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How To Improve Your Public Speaking Skills (4 Tips)

Speaking in public doesn’t have to feel like the end of the world. Although it can be nervewracking, it’s a crucial skill to have in most fields and can help you build your professional reputation.

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More likely than not, there will come a point in your life where you have to partake in public speaking. For some, it’s no big deal and comes naturally. For others, it’s a scary experience that takes a lot of courage to work up to. 

Speaking in public can cause loads of stress and anxiety, and in some fields, it’s a regular requirement. According to Forbes, roughly 80 percent of people dislike public speaking and experience anxiety because of it. 

If it’s something you struggle with, as many do, it can be difficult to practice confidence and self-assurance. For many, it’s nervewracking having so much attention on themselves, but luckily, there are ways to overcome this fear and even succeed at it.

Let’s look at a few tips that are sure to help you improve your public speaking skills and bring you new opportunities.

Prepare your material

If you want to avoid standing in front of an audience with nothing to say, then it’s best you prepare your material well in advance. The worst thing you could do to yourself is to wing it and hope for the best. It’s the easiest way to confuse your audience and feel like an inadequate speaker. 

Give yourself enough time to put your presentation and notes together. You want everything to flow nice and smooth so you have a better connection with your listeners and can grab their attention. Add images, humor, videos, and anything else that enhances your speech. If you fail to keep listeners interested, then it might be because you aren’t giving them what they want.

Practice, practice, practice

Knowing what you’re going to say during your speech is one thing, but it’s another to perform it well. There are several factors that go into an interesting public speech, but the most important thing is to practice until you feel confident to do it in front of others.

Start by practicing to yourself in front of a mirror. Take note of your body language and how you present yourself. Do you have trouble keeping eye contact with the audience as you continue looking down at your notes? Is the tone too serious or too lighthearted for the material?

Ask someone you trust to be your listener and practice your speech in front of them. Their honesty can give you further insight into how you can improve your speaking skills. It also helps you notice things that you may not have otherwise. 

Watch great speakers you know

A great way to emulate great speakers is to study them. Clearly, they’re doing something right if they have large followings of people who trust what they say. There’s a lot you can learn from someone based on watching their craft.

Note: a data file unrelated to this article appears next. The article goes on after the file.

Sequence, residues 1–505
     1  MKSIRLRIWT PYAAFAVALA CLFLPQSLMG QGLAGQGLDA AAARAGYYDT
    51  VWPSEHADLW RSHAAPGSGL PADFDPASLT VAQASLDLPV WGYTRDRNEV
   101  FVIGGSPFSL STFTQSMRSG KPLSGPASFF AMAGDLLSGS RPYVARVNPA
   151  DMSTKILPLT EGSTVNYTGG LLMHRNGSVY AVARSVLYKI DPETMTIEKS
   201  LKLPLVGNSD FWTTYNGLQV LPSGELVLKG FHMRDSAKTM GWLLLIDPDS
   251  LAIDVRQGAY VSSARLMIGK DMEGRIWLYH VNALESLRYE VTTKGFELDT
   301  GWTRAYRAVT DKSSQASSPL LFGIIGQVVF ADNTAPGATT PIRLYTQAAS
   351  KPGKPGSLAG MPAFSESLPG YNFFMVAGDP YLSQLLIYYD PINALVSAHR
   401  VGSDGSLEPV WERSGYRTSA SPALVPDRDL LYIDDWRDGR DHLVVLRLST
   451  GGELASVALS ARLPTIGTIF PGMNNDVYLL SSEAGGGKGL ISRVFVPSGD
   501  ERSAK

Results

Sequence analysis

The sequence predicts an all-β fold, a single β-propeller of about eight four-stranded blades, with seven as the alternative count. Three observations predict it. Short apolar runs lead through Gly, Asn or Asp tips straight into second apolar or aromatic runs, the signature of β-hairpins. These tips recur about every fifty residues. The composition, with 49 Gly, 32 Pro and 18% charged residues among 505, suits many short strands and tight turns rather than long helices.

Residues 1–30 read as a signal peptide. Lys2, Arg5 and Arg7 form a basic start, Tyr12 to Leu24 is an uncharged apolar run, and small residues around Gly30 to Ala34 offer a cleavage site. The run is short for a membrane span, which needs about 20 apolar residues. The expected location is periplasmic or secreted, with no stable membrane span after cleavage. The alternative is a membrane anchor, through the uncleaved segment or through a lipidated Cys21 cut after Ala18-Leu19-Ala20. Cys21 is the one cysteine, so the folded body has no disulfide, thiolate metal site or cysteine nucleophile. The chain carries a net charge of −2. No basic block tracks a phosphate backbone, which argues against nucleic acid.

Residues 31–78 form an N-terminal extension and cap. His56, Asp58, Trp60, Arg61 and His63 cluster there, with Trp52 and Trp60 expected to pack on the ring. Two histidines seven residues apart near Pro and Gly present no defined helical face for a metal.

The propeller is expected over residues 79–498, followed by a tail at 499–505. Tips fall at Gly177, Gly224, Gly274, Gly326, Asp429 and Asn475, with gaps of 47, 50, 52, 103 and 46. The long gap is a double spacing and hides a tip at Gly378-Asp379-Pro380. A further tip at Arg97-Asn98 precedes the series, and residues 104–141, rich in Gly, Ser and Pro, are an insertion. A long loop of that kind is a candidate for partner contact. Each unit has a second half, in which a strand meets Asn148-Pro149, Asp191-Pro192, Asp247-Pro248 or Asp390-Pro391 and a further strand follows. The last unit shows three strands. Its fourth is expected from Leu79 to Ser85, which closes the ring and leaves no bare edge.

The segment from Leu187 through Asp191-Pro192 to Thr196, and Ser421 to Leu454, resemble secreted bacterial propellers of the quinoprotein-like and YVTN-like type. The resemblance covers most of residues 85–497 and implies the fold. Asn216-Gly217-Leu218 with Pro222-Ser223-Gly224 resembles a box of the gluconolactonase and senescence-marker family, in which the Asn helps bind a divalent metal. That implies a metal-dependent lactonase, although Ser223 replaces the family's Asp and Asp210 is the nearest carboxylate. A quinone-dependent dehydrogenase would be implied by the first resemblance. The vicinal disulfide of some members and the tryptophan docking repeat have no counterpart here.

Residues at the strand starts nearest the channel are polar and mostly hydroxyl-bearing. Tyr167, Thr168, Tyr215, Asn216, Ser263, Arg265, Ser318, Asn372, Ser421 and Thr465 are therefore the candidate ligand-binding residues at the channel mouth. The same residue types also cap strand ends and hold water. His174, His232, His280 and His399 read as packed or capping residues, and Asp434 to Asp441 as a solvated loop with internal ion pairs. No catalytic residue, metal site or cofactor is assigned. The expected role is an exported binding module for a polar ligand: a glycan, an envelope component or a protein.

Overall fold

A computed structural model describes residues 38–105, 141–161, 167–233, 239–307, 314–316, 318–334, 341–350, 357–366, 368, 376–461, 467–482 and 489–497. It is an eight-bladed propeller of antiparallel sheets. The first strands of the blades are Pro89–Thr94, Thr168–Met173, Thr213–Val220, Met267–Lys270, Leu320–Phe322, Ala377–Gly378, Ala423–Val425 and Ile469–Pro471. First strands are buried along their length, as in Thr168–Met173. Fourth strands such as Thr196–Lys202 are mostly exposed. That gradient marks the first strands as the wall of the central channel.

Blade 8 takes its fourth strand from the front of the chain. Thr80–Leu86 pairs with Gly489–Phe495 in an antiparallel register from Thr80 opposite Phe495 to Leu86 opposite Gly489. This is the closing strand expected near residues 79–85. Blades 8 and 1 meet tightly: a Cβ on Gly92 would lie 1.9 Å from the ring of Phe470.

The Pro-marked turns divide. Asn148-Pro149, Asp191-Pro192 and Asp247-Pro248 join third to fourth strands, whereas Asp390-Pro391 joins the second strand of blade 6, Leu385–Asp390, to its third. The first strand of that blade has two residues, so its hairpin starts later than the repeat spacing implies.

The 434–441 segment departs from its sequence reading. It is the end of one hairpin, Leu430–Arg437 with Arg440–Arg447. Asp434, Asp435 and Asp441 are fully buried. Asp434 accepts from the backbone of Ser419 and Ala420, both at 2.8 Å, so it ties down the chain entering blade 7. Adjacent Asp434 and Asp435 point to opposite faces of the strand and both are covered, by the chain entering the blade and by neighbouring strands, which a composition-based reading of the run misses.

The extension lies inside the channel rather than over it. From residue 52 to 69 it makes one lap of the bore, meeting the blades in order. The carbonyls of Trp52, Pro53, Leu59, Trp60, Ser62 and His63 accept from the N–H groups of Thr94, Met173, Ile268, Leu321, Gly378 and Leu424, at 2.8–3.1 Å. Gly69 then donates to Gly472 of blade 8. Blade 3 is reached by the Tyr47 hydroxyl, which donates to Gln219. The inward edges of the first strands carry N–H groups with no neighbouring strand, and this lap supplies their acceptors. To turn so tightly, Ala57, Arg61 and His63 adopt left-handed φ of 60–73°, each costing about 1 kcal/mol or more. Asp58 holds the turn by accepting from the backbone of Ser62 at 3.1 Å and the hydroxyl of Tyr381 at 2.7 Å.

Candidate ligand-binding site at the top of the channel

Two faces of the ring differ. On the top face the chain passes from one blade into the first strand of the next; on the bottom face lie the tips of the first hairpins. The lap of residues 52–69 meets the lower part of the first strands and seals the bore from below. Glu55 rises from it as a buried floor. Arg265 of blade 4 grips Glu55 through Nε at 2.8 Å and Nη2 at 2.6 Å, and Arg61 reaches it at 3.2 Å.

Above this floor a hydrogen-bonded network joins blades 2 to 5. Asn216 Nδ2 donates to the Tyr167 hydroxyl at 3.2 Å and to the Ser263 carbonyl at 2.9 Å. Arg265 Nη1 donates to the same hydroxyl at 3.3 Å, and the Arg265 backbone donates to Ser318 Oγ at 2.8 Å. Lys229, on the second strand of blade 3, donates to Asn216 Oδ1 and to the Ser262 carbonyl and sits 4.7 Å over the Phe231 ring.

Look up videos of speakers you admire and want to be like. Tony Robbins and Eric Thomas are popular examples of speakers that people love to listen to because they provide value to their audiences. Think about what valuable points you have in your notes and use them to engage your listeners.

They don’t need to be videos about the same material that you’ll present. Whether they’re informational, such as how to create an online store, or more inspirational, such as how to be more confident, it doesn’t matter. As long as you study the speaker’s behavior, body language, and other factors, all of that will still aid you in your presentation. Pay attention to user reviews and comments to see what they liked or disliked about a public speech. Their honesty will tell you a lot.

Speak with your audience in mind

Imagine preparing a speech that’s ill-suited to your audience’s interests. It would be difficult to grab their attention or enthuse them with your material. It’s crucial that your speech aligns with your target listeners and caters to them in some way.

Consider who your speech is geared towards and how that affects your overall presentation. Think about what your audience hopes to learn from you and what problems they want to solve. Make a list of important qualities, needs, and questions your listeners have so you can incorporate them into your lecture. 

Begin by introducing yourself and setting a positive, friendly tone with your audience. If you can keep their attention from the beginning and make yourself personable, it’s easier for them to receive your message.

Your turn

Speaking in public doesn’t have to feel like the end of the world. Although it can be nervewracking, it’s a crucial skill to have in most fields and can help you build your professional reputation. If you practice, prepare, and know who you’re speaking to, you have a high chance of delivering an excellent speech.

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